The Ins And Outs Of Indiana Real Estate With Tyler Renick

MCFA 13 | Indiana Real Estate


Being educated and aware of the differences in real estate all around is nothing but an advantage. In this episode, learn the specifics of real estate in Indianapolis. Managing Broker of Partnered Realtors, Tyler Renick, talks with Athena Paquette Cormier about the details of real estate in their state from making the buy or sell, property management, all the way to eviction. Tyler touches on the things you need to think about in order to know if this business is the one for you. He also shares some of the personal strategies he puts into place when doing business that has led to his success.

Listen to the podcast here:

The Ins And Outs Of Indiana Real Estate With Tyler Renick

I worked in construction for probably a couple of years. I did through the summers in high school and for maybe another year at a high school. I worked in a couple of different fields and ended up landing a job as a project manager for a fire and water restoration company, which is proven to be helpful for what I do now.

A fire and water restoration? What does that mean?

If a property is lost to fire or flooding, the insurance company will pay a contractor to come. I work with that company to oversee the project and budgeting and the whole bit.

What a great groundwork.

At a pretty young age, coordinating projects is something I did early on. I moved on from that and I was actually in flooring for a number of years in sales and installation, the family business. I made my move to real estate in 2012.

What was that spark that said, “Maybe I should try real estate I’ve got to do that because so and so did it?” Was there some kind of spark or inspiration? How did you come about that first job?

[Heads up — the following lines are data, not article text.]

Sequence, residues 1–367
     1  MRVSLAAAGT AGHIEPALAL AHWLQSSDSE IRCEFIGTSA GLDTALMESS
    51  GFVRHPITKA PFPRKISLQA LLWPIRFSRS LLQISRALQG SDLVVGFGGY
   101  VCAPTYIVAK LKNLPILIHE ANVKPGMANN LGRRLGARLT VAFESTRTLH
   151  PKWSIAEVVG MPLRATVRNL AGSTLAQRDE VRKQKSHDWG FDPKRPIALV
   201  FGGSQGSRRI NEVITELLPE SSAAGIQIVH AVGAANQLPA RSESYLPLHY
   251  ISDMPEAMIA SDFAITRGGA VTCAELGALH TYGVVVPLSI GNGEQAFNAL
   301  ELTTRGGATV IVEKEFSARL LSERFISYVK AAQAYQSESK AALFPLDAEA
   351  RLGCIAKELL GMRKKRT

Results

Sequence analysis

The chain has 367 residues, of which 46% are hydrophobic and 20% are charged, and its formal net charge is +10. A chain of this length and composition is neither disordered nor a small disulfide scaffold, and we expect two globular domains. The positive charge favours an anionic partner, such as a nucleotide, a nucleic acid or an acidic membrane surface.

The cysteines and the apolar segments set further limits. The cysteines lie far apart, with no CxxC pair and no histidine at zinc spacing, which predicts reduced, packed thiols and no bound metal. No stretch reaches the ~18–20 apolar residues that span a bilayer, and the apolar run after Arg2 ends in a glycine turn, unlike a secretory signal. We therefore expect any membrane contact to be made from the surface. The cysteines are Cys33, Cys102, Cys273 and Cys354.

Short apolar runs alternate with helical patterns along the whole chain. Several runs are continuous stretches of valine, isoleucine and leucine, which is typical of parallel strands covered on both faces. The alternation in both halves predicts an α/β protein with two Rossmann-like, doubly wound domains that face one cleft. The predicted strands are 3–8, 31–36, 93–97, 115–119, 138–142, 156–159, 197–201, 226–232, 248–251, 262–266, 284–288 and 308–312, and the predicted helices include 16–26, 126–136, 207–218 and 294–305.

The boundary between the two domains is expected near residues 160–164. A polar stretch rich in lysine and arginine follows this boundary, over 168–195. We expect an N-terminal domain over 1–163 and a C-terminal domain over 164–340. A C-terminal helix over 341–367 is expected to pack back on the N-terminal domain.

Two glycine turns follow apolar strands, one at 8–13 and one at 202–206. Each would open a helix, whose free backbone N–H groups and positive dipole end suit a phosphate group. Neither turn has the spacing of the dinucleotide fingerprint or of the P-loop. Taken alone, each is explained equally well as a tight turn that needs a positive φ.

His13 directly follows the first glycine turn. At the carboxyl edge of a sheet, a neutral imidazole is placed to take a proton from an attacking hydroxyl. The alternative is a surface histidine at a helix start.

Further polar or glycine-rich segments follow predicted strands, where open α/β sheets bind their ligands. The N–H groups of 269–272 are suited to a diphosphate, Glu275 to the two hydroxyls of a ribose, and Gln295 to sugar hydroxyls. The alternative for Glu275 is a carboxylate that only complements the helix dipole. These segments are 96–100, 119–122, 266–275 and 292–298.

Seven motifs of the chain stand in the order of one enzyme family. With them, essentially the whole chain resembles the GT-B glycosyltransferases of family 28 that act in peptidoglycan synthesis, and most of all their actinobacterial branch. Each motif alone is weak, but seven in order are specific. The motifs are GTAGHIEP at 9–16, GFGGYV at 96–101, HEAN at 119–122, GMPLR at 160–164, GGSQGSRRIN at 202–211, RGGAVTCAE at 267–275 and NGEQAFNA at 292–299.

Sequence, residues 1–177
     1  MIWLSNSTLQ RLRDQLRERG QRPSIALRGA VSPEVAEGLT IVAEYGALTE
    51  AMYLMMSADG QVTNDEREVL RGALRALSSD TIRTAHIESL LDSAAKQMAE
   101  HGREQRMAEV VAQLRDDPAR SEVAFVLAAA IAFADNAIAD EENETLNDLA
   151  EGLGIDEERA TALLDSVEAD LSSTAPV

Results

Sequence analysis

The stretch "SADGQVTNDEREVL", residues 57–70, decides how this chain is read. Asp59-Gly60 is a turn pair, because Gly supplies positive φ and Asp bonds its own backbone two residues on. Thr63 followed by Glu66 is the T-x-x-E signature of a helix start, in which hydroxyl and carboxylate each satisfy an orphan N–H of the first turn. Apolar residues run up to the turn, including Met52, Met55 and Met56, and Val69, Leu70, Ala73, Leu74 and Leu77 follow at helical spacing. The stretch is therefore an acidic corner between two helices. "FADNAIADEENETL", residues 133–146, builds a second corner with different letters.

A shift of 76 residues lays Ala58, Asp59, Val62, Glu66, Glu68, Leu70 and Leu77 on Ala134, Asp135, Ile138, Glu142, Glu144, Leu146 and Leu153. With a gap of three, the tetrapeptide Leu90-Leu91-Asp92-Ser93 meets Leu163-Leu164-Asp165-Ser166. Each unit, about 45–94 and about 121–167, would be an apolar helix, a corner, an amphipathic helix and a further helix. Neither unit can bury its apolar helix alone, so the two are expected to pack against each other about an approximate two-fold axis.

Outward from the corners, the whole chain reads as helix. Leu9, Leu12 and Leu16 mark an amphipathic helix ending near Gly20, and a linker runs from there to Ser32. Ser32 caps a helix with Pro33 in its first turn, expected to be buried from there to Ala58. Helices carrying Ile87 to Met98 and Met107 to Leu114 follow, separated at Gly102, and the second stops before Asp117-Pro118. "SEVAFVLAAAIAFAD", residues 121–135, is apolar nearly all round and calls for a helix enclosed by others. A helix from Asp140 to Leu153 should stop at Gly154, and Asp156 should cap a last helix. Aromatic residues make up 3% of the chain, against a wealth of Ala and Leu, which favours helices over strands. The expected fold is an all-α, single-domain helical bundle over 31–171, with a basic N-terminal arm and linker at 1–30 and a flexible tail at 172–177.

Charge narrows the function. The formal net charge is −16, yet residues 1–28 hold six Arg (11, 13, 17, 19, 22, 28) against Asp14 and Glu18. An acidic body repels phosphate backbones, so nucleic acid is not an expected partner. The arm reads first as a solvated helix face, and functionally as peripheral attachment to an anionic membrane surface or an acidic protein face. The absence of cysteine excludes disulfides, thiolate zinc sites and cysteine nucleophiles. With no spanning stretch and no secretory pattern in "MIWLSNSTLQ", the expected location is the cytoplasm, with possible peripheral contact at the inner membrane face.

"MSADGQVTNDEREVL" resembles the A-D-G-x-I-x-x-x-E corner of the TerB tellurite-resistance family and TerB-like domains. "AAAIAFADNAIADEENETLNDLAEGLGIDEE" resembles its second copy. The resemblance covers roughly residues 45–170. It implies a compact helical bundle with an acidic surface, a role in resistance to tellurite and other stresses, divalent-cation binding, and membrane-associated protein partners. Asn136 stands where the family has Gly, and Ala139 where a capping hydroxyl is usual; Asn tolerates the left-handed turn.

I didn’t like what I was doing. I didn’t have a lot of passion.

For the flooring?

Exactly or working for other people. There wasn’t a lot of passion to be found. We started in property management. There was a friend of a friend and he was a contractor doing work for a hedge fund out of Connecticut. He was making $80,000 a year as a contractor, somewhere in that range. He does something like $5 million to $10 million a year. He’s the largest contractor in the state. He does everything for American Homes 4 Rent. We still handle his accounting but he had a portfolio of properties and it was suggested to me, “You have a background in management. Property management may be a good business to start and here are a handful of properties to get started.” I formed the company and the guy backs out. We don’t have anything except for a company that was formed and it turned out to be a license required. I got a real estate license. We didn’t use that for two years. It was two years with a license without brokering any deals. We started doing some online advertising and I landed a couple of big clients. I told you before one was a basketball player for the Pacers who ended up owning 180 properties.

Get out the gate, you’ve got a guy client who comes to you with 180 properties.

The first client and that’s the interesting thing, in property management anyway and this is the education, you meet many different people with many different strategies. It’s interesting because you meet conservative investors that want to buy the three beds and 1.5 bath house that has a decent township and schools that you’re going to get a family that moves into and they’re never going to move. That’s their strategy for investing. You have others that want to invest in maybe lower-income areas where you have a slightly higher turnover, but the net yield is much higher. It’s a lot of different strategies.